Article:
The Toddler IRA: Should My 3-Year-Old Have a Tax Shelter?

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I love my Roth IRAs. They just keep on growing tax-free and never send me any annoying tax documents. Vanguard has a post about Working teens and Roth IRAs. I like the idea of a teenager putting some hours in at Jamba Juice and having the discipline to tuck some away for the future. However, the article suggests that you gift your teenager money in order to fund the Roth IRA (with the teen keeping their earnings).

Why wait until they are teenagers? You could take this further into what I call the Toddler IRA. Basically, you find a way to have your 3-year-old (or 6-year-old, etc.) have some earned income, usually via your small business. Maybe they “model” in an advertising spot. Maybe they did “administrative work” and helped organize some business papers for you. Can they weed or dig? Time to pay them for their lawn maintenance skills. Now that your kid has earned income, they (you) can contribute the same amount into a Roth IRA.

At first glance, it’s a little weird. Can I really justify these payments? I’m inclined to pay them more (so I can stuff more contributions into the Roth IRA), but would I really pay that much money if they weren’t my kid? Some parents go as far as making arrangements with other parents where they pay each other’s kids. In fact, there used to be a website (I forget the name) where your kid did some sort of simple online “work” and they would send your kid a check. (The parents would pay for this passthrough employment service.) Yet another example of government incentives working in unexpected ways.

The math sounds pretty impressive when you compound returns tax-free for 60+ years. $1,000 at 6% annual return times 60 years = $33,000. $1,000 at 8% annual return times 60 years = $100,000! Here’s a simple chart from Vanguard that shows the possibility of your kid getting a $100,000 head start on retirement:

I would add that the effect is exaggerated because doesn’t take inflation into account, but even a 4% real return will make $1,000 into $10,000 after 60 years. You put in $1,000 times 12 years, they end up with close to $100,000 inflation-adjusted after 60 years.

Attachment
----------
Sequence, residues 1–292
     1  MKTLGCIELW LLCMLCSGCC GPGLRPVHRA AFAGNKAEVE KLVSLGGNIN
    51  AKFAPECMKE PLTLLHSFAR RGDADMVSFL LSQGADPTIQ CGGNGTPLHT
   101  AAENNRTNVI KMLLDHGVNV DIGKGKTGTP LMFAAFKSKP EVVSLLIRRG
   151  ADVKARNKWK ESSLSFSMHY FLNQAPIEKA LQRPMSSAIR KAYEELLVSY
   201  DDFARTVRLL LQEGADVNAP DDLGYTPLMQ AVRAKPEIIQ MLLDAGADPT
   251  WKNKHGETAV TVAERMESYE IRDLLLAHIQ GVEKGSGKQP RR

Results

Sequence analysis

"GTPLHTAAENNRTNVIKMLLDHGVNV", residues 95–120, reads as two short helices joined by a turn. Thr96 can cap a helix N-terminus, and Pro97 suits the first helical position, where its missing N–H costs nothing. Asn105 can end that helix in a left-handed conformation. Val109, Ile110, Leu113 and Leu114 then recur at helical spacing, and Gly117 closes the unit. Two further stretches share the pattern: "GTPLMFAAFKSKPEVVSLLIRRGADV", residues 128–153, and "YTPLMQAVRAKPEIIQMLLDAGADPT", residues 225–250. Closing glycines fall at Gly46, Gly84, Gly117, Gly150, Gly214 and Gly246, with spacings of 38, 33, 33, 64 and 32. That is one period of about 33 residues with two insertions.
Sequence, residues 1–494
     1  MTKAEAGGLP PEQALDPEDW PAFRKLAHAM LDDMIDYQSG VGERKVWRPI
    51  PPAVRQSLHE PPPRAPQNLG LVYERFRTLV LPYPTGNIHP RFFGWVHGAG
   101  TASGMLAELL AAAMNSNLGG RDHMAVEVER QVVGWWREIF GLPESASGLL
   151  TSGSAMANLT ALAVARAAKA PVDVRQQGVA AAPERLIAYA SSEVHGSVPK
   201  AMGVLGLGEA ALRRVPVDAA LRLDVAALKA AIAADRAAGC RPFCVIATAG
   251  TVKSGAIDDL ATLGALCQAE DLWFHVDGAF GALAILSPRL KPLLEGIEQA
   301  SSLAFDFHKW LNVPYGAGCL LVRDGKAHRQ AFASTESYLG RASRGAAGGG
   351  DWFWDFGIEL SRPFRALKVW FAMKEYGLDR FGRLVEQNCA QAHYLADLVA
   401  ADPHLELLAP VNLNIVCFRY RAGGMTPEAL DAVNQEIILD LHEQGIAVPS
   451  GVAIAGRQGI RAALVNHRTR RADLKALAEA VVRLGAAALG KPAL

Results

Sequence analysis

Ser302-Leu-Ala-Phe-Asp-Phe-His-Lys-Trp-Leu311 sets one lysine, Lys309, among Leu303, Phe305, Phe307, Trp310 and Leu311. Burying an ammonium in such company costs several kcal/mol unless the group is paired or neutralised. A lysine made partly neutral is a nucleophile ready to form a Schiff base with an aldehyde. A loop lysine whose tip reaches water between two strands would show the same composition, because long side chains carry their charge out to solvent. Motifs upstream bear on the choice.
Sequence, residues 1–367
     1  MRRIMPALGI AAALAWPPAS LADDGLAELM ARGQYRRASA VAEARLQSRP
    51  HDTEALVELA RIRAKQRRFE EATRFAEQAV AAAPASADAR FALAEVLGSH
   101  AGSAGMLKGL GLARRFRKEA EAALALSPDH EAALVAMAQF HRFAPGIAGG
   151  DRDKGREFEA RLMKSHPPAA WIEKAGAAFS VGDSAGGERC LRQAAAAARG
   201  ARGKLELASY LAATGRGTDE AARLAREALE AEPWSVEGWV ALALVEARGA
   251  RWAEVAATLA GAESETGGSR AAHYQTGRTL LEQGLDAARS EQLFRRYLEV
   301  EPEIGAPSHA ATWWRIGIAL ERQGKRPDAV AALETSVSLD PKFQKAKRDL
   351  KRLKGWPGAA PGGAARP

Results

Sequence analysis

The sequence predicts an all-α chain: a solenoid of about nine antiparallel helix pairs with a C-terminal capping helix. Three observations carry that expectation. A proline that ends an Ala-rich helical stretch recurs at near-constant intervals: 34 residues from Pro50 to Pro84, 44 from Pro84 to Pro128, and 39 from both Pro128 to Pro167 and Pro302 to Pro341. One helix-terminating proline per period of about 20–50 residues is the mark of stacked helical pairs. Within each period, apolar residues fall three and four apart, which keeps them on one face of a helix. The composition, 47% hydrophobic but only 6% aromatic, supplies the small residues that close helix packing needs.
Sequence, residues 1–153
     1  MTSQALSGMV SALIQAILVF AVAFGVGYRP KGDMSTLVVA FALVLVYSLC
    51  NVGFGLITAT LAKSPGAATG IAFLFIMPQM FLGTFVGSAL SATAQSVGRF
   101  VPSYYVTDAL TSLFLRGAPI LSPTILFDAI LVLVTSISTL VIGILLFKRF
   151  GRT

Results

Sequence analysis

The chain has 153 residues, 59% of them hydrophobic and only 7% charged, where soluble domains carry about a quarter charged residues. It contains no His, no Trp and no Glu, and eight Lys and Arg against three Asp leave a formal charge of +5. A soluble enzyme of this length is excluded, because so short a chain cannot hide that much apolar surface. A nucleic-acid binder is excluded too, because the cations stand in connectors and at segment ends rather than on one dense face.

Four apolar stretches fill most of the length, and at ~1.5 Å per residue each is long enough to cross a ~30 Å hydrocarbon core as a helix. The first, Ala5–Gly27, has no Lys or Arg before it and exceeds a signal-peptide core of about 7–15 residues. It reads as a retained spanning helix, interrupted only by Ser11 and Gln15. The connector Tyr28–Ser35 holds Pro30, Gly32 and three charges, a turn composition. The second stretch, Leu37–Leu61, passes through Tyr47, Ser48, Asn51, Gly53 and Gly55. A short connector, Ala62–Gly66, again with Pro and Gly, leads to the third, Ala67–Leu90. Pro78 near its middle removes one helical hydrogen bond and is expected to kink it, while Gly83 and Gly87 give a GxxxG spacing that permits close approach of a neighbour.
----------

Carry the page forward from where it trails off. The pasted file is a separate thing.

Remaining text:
Why my kids don’t have a Toddler IRA. I have a small business. See that cute picture on the top right? I could easily pay them to model for a new photo shoot every month. (Trust me, it’s hard work to get them to all smile at the same time… for me.) I’ve thought about it. In the end, it doesn’t fit in with my personal philosophy about teaching them to fish:

Give a man a fish, and you feed him for a day. Teach a man to fish, and you feed him for a lifetime.

This act is giving them a big pile of fish. It’s a tax-advantaged gift, but still a gift that they’ll know about at a young age. I don’t like the idea of them turning 18 and finding out they have $XX,000 waiting for them without doing any work.

What about “teaching” them to save? If they don’t feel the pain of earning the money and the separate pain of not spending it either, then I don’t really see the educational benefit. When they start to really earn money as teenagers by waiting tables or bagging groceries, then I will consider doing some sort of 401k-like matching program as a “carrot” to letting me teach them about investing and IRAs.

When they are kids, I will instead contribute any money towards college tuition via a 529 plan. I doubt that I’ll be able to cover full tuition and housing for three kids anyhow. Most parents can’t. Above that, I’d still rather give them $500 to start a food stand at the local farmer’s market than stick it into their IRA.

I feel this is a topic where opinions will vary widely. What do you think?

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Comments

  1. Francis Schommer says:

    I wouldn’t save money in a 529 because when your kid fills out the fafsa (federal financial aid for students) then the government will subtract whatever is in the 529 from what aid they could get. So if you save $100k in a 529, the government will give 100k less in aid.

    I could be wrong though.

    • My understanding is that 529 assets where the parent is the owner and the child is the beneficiary are considered parental assets when it comes to FAFSA. So it wouldn’t really affect your aid. IRAs are not counted at all in the FAFSA, whether owned by the parent or child.

      • Francis Schommer says:

        So it’s just if the child is the owner?

        That does make sense. Thanks for clearing up my misconception!

        What benefits for the 529 do you want to use it for?